Each of these parameters has specified measurement methods as well as specified limits. By monitoring these properties and making sure that they are all in the ideal range, it’s possible to ensure the purity and quality of ultrapure water. Different testing methods are used to monitor the many substances mentioned above. These methods include:

  • Total silica – inductively coupled plasma or GFAAS
  • Organic ions – Ion chromatography
  • Particle monitoring – Online light scatter
  • Other organics – Gas chromatography or liquid chromatography
  • Anions, cations, and metals – Ion chromatography or inductively coupled plasma
  • Dissolved oxygen – Online electric cell
  • Particle count – Scanning electron microscopy
  • TOC – Conductivity

Resistivity is often measured in Mohm-cm, which stands for mega-ohm centimeters. If concentration levels are low in ultrapure water, you’ll receive high resistivity readings. When there’s zero ionic contamination in the water, the highest reading you can receive is 18.25 Mohm-cm.

As for TOC, this metric is measured in parts per billion (ppb). This form of carbon shows up in ultrapure water from organic and inorganic contaminants that come from raw feed water. It’s possible to reduce TOC levels until they reach ultrapure water standards with treatments like UV irradiation, reverse osmosis (RO), and ion exchange. The majority of semiconductor applications require low carbon levels.

Dissolved oxygen is mainly measured with an electrochemical cell. Modern fabrication labs strive to keep dissolved oxygen levels below 5ppb. You can remove dissolved oxygen from the water to reach the necessary levels with vacuum degasification.

All forms of raw water sources have some amount of particulate matter in them. Any particles that are larger than the micron scale can be removed from the water with microfilters and pre-filters. Once this takes place, you can polish the water with finer filters to take out particles that are as small as 0.2 microns. Even smaller particles can be removed with the ultra-filtration technique. In semiconductor manufacturing, particles that are larger than 0.2 microns can’t be in the water when the device fabrication process takes place.

When looking at bacteria, it’s possible for certain bacteria to remain in the water even after the ultrapure water treatment process occurs. Bacterial adhesion often takes place in water because pipe walls bring in small amounts of organic nutrients. These nutrients will attach to the surrounding walls and begin the biofilm process. Even though some facilities take steps to prevent microbial activity, it’s difficult to remove biofilms. They can permanently coat certain areas of valves that are practically inaccessible.

water temp

Technology Advancements and Future Specifications

In the semiconductor manufacturing industry, businesses and scientists alike are constantly trying to reduce the amount of ultrapure water that’s used during the manufacturing processes. It’s believed that future technology cycles will require even more rigorous specifications, which is why now is the time to address concerns about the amount of ultrapure water that’s being used.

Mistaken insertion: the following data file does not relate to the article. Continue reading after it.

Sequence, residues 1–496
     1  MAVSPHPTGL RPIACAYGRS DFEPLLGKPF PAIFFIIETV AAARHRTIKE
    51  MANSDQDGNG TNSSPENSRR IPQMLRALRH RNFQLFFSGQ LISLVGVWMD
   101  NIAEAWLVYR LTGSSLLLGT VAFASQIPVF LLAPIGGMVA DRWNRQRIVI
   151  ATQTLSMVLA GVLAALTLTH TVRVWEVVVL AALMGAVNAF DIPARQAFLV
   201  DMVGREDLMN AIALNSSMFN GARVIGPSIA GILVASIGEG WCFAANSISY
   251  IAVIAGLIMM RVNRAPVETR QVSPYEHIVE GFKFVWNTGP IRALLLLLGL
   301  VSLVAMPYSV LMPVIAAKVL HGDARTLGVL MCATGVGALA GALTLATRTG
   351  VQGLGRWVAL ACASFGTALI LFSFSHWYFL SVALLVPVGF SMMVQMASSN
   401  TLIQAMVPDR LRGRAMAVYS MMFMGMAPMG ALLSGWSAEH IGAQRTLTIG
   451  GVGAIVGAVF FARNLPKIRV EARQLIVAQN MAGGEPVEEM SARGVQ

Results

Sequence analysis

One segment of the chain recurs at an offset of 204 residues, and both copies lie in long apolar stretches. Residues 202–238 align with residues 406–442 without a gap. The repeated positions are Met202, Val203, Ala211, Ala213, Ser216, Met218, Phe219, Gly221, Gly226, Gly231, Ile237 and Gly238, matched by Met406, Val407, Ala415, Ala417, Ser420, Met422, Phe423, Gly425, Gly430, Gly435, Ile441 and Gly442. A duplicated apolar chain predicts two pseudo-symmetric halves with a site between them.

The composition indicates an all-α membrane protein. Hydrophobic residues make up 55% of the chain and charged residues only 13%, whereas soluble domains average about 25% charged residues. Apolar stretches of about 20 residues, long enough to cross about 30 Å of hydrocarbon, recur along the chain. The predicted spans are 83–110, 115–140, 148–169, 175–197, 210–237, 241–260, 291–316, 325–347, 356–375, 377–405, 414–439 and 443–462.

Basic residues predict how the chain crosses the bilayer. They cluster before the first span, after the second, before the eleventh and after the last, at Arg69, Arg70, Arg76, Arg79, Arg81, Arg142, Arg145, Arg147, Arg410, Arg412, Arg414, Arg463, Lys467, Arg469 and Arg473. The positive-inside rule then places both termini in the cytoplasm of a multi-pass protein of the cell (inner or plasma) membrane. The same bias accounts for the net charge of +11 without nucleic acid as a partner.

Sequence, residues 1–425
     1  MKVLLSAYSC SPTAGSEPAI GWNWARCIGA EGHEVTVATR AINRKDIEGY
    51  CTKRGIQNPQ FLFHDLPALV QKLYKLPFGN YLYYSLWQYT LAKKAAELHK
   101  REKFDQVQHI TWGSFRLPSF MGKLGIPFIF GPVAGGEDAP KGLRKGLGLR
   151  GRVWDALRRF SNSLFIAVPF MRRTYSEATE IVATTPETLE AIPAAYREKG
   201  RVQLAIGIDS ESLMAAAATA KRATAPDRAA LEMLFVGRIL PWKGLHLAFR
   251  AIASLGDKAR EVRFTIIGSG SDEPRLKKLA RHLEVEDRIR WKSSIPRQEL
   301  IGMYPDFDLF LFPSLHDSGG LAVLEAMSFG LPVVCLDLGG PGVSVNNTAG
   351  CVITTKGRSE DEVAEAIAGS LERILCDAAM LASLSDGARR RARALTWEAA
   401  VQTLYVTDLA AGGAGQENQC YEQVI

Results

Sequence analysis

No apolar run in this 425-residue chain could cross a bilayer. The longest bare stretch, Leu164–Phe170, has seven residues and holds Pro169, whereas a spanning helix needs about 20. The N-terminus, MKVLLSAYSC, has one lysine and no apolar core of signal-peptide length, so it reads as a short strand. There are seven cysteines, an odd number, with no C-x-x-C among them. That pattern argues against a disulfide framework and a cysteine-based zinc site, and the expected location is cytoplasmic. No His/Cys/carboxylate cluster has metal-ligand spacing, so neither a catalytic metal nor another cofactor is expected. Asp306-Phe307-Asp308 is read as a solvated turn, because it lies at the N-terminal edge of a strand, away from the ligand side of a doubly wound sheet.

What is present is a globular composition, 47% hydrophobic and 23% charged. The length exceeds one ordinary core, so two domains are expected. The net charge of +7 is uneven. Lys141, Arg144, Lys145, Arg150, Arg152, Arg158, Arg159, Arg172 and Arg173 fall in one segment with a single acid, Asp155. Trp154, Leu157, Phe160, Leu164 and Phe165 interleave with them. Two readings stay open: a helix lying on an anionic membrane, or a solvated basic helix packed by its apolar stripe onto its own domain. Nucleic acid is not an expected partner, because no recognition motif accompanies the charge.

Evoqua Water Technologies provides a comprehensive portfolio of devices and technologies designed to resolve the high ultrapure water system needs in semiconductor manufacturing. These technologies include everything from service deionization systems to point-of-use filtration systems.

Unit Operations in an Ultrapure Water System

The process of treating water in an ultrapure water system involves makeup systems, primary systems, and polishing systems. Makeup systems are made to treat the incoming water, while the primary systems provide additional purification. Once the primary systems have been implemented, most contaminants should be removed from the water. Polishing systems deliver the highest level of purification that should meet semiconductor industry specifications.

The makeup systems often include demineralization and reverse osmosis. Any large debris in the water will be caught by a filter. Additional treatments include sodium bisulfite and activated carbon, both of which dechlorinate the water.

The primary systems involve everything from UV treatment to mixed bed ionization. Dissolved oxygen can be removed at this stage with vacuum degasification. During the final polishing stage, heat exchange and ultraviolet light are often used to maintain the water’s temperature, after which an ion exchange process and ultra-filtration process filter the water to a specific particle level.


Ultrapure water plays a critical role in many semiconductor manufacturing processes. The water’s purity and quality are essential for obtaining optimal device fabrication, which is why most facilities spend the money necessary to remove all contaminants from the water. As technology continues to advance, the demand for ultrapure water will only increase.

Source link: https://sensorex.com/ultra-pure-water-semiconductor-manufacturing/ by Dominic O’Donnell at sensorex.com